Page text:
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Treatment of cysticercosis

A Clinton White, Jr, MD, FACP, FIDSA
Section Editor
Peter F Weller, MD, MACP
Deputy Editor
Elinor L Baron, MD, DTMH


Cysticercosis is caused by the larval stage (metacestode) of the pork tapeworm Taenia solium. Clinical syndromes related to this parasite are divided into neurocysticercosis (NCC) and extraneural cysticercosis. Neurocysticercosis, in turn, is divided into parenchymal and extraparenchymal forms. The most common presentation of parenchymal NCC is seizures, whereas extraparenchymal NCC typically presents with hydrocephalus. Treatment must be individualized based on the manifestations of disease.

The treatment of cysticercosis will be reviewed here. The epidemiology, transmission, prevention, clinical features, and diagnosis of cysticercosis and the life cycle of T. solium are discussed in detail separately. (See "Epidemiology, transmission, and prevention of cysticercosis" and "Clinical manifestations and diagnosis of cysticercosis".)


The initial approach to patients with clinical manifestations of neurocysticercosis (NCC) should focus on management of symptoms such as seizure control with antiepileptics and treatment of increased intracranial pressure, if present. Subsequently, a determination should be made regarding the role of antiparasitic and antiinflammatory therapy.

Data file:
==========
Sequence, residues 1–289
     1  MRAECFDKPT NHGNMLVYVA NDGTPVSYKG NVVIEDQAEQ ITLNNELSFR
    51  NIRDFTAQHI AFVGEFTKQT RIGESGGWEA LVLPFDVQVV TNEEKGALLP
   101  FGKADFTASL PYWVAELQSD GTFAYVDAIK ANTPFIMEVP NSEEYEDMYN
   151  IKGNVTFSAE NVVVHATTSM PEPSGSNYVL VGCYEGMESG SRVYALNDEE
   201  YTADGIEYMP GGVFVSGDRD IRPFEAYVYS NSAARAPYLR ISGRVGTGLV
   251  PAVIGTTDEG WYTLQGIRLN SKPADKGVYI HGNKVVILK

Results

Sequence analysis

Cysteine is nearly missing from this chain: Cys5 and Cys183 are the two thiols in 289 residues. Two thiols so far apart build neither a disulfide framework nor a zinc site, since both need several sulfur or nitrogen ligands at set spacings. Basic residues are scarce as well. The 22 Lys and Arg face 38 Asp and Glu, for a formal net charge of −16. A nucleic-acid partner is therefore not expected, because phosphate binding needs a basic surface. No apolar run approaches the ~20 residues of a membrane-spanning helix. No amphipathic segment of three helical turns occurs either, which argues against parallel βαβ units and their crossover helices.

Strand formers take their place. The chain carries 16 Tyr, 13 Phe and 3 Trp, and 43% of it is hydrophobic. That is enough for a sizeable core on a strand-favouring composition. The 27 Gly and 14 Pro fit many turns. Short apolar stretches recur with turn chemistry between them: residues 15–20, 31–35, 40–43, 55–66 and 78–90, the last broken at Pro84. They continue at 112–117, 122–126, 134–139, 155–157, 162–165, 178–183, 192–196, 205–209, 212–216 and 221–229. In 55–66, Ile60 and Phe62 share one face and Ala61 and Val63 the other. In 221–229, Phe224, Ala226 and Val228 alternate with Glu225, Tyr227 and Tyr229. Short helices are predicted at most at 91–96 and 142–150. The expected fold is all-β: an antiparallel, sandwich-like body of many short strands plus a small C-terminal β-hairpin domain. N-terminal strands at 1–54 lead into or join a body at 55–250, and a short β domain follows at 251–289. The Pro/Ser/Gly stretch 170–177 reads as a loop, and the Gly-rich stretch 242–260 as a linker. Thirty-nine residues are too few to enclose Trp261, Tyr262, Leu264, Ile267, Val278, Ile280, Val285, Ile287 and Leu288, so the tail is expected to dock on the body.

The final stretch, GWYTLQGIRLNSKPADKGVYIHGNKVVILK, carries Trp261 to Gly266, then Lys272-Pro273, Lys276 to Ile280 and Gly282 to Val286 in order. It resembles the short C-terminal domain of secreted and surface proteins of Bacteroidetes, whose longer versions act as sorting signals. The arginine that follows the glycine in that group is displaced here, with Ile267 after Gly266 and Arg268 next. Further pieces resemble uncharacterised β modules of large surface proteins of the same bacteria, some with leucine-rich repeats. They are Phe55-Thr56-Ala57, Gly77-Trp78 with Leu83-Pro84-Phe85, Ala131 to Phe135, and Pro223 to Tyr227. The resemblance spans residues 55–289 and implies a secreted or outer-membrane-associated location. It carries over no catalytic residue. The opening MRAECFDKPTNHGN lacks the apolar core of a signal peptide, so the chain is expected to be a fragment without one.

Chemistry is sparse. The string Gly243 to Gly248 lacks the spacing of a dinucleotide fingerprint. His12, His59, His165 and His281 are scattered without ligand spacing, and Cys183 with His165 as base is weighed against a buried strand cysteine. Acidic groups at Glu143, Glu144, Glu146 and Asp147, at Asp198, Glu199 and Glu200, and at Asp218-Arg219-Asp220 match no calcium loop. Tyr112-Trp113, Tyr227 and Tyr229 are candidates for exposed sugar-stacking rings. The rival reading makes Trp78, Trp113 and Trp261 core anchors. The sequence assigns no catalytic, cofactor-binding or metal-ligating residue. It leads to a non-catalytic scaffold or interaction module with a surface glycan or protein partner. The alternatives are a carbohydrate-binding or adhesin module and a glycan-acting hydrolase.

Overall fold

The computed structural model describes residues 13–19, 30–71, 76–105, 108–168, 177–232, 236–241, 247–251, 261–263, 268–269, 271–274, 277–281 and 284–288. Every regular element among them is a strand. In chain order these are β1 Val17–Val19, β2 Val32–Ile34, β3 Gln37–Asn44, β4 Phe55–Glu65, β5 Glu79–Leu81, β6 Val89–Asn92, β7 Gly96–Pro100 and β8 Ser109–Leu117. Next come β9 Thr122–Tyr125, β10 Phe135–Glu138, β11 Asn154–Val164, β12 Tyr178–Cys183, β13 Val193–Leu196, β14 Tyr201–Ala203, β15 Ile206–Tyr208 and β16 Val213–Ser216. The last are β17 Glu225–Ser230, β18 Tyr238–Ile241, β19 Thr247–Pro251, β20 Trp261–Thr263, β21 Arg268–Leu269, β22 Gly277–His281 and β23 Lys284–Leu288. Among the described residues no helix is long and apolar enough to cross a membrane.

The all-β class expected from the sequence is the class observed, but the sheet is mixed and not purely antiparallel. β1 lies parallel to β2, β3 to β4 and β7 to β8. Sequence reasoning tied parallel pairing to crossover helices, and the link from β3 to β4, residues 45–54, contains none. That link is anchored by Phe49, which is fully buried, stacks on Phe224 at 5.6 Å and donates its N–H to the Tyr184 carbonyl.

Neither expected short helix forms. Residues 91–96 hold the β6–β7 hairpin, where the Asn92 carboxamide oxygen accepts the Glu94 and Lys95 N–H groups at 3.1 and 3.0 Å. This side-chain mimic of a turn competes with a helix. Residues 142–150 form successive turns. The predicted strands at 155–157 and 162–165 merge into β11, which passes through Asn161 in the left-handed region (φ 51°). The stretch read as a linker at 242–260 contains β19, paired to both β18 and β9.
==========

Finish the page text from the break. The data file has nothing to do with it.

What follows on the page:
Antiepileptic therapy — Antiepileptics should be administered to patients with NCC who present with seizures. Most reports in the literature on management of seizure due to NCC describe use of phenytoin or carbamazepine. Newer therapies (eg, levetiracetam or topiramate) are likely to be at least as effective, perhaps better tolerated, although more costly [1]. (See "Initial treatment of epilepsy in adults".)

Antiepileptic therapy may also be appropriate for patients who do not present with seizures but who are at high risk for seizures. The risk of seizures appears to be highest in the setting of multiple lesions, particularly when the lesions are degenerating and are surrounded by inflammation [2-6]. Calcified lesions can also serve as foci for seizures but, in an otherwise asymptomatic patient, are not generally considered an indication for prophylactic antiepileptic drug therapy.

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Literature review current through: Nov 2017. | This topic last updated: Dec 16, 2016.
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